- Roughly 3 and a half hours after launch, Orion separated from the service module and upper stage rocket and began descending to Earth on its own. Control thrusters fired to ensure the capsule was oriented correctly, and after about 45 minutes of descent, it hit the atmosphere traveling at roughly 20,000 miles per hour, with friction bringing the heat shield up to 4,000°F.
- Finally, a few minutes before landing, eight parachutes deployed, slowing the capsule down to about 20 miles per hour as it plunged into the Pacific Ocean off the coast of Baja California, to be recovered by the Navy.
What will Orion eventually be used for?
That's a difficult question to answer — because it will be the result of political wrangling, how Congress allocates funding, and perhaps the whims of whoever is elected president in 2016.
The current plan, announced by Obama in 2010, is to use Orion to carry astronauts up to a small asteroid that would be tugged into orbit around the moon by a separate probe (still in development). The idea is that putting astronauts on an asteroid for a month-long mission sometime in the 2020s would give NASA the training and expertise necessary for an eventual crewed mission to Mars, which might occur sometime in the 2030s.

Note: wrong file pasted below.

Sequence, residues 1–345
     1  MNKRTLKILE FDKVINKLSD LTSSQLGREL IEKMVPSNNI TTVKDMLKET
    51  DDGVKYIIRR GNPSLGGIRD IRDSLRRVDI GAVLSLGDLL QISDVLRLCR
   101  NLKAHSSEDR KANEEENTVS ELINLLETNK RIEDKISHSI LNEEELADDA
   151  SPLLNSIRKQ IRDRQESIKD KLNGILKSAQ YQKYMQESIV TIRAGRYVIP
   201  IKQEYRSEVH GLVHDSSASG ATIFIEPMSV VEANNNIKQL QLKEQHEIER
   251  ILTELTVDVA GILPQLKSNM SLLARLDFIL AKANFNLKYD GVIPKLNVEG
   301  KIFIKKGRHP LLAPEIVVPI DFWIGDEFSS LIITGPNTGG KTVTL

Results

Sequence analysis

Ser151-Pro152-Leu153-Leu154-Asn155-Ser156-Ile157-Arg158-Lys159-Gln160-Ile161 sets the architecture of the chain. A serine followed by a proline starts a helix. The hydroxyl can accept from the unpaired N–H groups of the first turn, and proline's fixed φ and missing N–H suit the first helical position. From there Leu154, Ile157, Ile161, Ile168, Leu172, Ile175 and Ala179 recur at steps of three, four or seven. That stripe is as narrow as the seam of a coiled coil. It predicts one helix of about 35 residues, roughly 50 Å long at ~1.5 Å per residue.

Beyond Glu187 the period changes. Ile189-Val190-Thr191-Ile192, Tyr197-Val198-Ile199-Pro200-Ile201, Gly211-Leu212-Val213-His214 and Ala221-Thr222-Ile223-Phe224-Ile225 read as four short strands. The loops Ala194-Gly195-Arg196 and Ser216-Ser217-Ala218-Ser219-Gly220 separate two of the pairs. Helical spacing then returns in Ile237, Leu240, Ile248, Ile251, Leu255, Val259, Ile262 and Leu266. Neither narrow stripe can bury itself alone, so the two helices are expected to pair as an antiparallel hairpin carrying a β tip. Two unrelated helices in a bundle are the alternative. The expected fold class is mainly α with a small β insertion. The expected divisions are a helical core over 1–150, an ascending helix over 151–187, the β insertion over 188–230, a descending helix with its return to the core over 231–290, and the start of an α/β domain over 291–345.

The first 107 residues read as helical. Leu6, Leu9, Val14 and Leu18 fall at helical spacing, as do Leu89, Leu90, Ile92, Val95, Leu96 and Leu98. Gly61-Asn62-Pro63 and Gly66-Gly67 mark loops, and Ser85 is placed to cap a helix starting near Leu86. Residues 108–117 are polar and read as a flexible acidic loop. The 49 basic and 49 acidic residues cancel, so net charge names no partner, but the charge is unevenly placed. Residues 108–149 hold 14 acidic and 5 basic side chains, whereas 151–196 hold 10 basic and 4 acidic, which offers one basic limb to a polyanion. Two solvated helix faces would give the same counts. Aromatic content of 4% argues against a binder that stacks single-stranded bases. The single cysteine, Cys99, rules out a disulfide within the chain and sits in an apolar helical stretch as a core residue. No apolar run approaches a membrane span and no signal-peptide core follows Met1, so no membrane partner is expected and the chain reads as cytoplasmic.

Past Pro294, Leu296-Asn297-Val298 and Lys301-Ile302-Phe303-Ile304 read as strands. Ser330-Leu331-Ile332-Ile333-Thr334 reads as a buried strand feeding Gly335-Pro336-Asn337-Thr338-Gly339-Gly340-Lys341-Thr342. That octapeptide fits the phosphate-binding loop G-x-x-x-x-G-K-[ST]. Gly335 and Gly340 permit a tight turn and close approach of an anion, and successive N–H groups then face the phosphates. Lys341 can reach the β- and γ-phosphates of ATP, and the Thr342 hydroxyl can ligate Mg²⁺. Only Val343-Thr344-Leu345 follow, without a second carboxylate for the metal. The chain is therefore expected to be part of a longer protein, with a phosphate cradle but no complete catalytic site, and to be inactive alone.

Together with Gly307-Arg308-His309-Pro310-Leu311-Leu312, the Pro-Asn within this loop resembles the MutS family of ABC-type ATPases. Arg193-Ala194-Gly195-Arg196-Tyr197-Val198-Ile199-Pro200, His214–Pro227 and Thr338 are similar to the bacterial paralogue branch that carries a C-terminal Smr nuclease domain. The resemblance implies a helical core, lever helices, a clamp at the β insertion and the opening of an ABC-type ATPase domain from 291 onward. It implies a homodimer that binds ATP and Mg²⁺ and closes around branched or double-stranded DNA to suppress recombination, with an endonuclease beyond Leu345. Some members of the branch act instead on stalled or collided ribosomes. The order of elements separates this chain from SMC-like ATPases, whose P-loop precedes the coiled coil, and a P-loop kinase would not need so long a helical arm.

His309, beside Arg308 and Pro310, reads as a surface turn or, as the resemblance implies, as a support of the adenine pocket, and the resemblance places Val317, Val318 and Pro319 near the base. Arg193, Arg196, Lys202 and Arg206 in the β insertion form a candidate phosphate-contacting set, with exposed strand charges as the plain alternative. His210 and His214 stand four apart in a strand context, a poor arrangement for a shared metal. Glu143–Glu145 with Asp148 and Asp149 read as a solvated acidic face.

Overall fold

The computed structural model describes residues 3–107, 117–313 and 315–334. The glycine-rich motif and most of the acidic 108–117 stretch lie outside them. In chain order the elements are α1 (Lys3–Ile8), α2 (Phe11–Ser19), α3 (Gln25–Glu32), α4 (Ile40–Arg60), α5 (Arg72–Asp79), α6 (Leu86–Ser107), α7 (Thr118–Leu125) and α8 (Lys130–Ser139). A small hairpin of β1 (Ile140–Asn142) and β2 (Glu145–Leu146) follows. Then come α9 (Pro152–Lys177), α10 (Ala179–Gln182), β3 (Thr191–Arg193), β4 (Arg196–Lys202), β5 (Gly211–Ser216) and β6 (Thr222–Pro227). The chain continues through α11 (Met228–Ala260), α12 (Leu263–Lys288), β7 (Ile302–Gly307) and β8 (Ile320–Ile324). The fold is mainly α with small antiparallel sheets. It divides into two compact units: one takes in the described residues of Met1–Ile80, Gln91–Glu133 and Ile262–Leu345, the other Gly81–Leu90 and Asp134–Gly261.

This plan, however, is looking increasingly improbable. A June 2014 National Research Council report found that NASA's Mars plan is insufficiently detailed and not viable given current levels of funding from Congress. That report recommended a mission to the moon as a stepping stone instead.
Meanwhile, scientists have said the asteroid mission would be less scientifically valuable than simply sending a robotic probe. "It doesn’t advance anything and everything that could benefit from it could be benefited far more by other, cheaper, more efficient means," Planetary Science Institute director Mark Sykes told Scientific American, calling the crewed mission "performance art."
Performance art, however, might be exactly what NASA officials have in mind. Part of the reason articulated for the asteroid and other stepping stones is to build public support, as well as technical expertise. Given the huge amount of funding that would be necessary to send astronauts to Mars, lots of public enthusiasm would probably be needed to make it happen.
Update: This post has been edited to reflect ongoing developments with the launch.